The Famous Regional Cuisines of France Started in About 1920

Image-laden magazines and other media, not to mention countless books on food and culinary traditions, have certain postulates. One is that regional cuisines exist in many countries, not least France. By dint of using local ingredients, fashioned in the area of production, regional food is held to reveal age-old connections to land, people, and heritage. In a word, it expresses an ineffable authenticity (versus, say, the deracinated cuisines in large cities).

It comes as a surprise, therefore, to learn that French regional cuisine, for its part, seems largely to date from the 1920s. A number of cultural and social studies have concluded to this effect, as documented and elaborated in a 2007 academic paper by April M. Zin, “We Are Where We Eat: A History of Twentieth-Century Gastronomic Tourism in France“.* She argues persuasively that French regional cuisine is essentially a construct of the early 20th century and derives from a complex socio-historical background.

Xin explains that the Third Republic, established in the wake of the Franco-Prussian War, decided to promote regional French identity to rebuild national pride. National confidence and élan had been shaken by the debâcle of 1870, especially the loss of Alsace-Lorraine. To substitute for a lapsed military and diplomatic prestige, France henceforth would vaunt its provincial and local cultures to help sustain national unity.

Earlier, the countryside was considered retrograde as compared to supremely metropolitan Paris, the centre of French civilization and refinement. Under the revised conception, the old rural seats and values they represented (stability, faith, loyalty), would work with the metropole to form the French fact. In a striking metaphor explained by Xin, henceforth the regions would be the spokes in the French national wheel, and Paris the hub; together they would propel the nation forward and restore its prestige.

The new approach acknowledged the value of every citizen’s locality. This was meant to reduce historic regional rivalries and uphold the common unity of citizens. In another striking image, Xin explained that France now functioned as the “paternal” ancestor of the post-1870 citizen while the region or pays of each citizen was the “maternal” one. This neatly paired the modernity and prestige associated with Paris with the emotive and nurturing qualities seen as emblematic of the old pays. Together, they would form the French family, a foundation on which the Third Republic would thrive.

This elevation of rural heritage prompted citizens to want to visit the previously overlooked regions. Travel was now facilitated by better railway and especially motorized transport. Improved accommodations and power supply made such travel more feasible. Travelling meant staying at destination – and eating there. What better way to appreciate regional character than to eat distinctively local food?

But what if there wasn’t any? The traditional sustenance of the French regions, well into the 19th century, was basic and monotonous. It was based on a blackish, mixed-grain bread, le pain bis, as well as stodgy, flour-based galettes or crêpes. Such starchy matter was enhanced by an ever-boiling soup containing available local vegetables. Meat was added when available, a rare event for most of the populace.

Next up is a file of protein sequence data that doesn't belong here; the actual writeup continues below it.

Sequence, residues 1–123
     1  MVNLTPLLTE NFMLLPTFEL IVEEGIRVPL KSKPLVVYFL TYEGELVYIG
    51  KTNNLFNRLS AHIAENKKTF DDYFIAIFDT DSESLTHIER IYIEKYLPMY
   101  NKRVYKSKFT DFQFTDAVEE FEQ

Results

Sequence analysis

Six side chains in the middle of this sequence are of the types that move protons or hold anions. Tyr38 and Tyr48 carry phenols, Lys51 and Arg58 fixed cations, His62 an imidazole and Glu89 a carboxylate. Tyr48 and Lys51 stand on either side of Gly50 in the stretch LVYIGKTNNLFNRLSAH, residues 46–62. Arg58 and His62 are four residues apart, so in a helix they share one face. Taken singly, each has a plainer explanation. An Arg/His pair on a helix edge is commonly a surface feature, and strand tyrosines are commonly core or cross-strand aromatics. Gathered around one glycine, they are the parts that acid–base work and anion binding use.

Any fruit, fresh or preserved, available to hand was put on table. So was any type of wine, or other alcohol, that might come the family’s way. Such was the basic diet of the great majority of citizens well into the 1800s, when most still lived in the country.

This traditional provender was not the type to entice the gastronomic tourist, those familiar with reliable Paris restaurants. Indeed the provincial diet rarely offered meat, eggs, butter, or multiple courses. At most, there might be a rare cake or tart for a real dessert. More interesting food needed to be devised to uphold tourists’ expectations.

To achieve this, local menus were supplemented by standbys of the professional Paris kitchen, or local foods were improved with butter, cream, and other good things characteristic of Paris and Isle de France.

This emerging regional cuisine was promoted by an increasingly sophisticated gastronomic press that engaged in regional food surveys, all by the 1920s. The new eating typically and not surprisingly was found in local restaurants and hotels. Yet these hospitality centres had mostly not existed in the 1800s. They had to be created, for one thing to provide running water and adequate sanitation facilities.

The comfortable, well-provisioned auberge of rapt modern contemplation was an adaptation of previously rudimentary, or yet too-luxurious, facilities. The rude country shelter on the one hand, and the isolated grand hotel offering professional cuisine on the other, had to be supplemented since neither met the needs of bourgeois visitors coursing through hill and vale in the new motorcars.

The legitimacy of this rural culinary heritage was sometimes debated but by the mid-1900s the idea that each French region had a traditional cuisine became an article of faith. The signature dishes came in handy to contrast with Paris-Isle de France gold standards of food excellence, of which haute cuisine was the apex.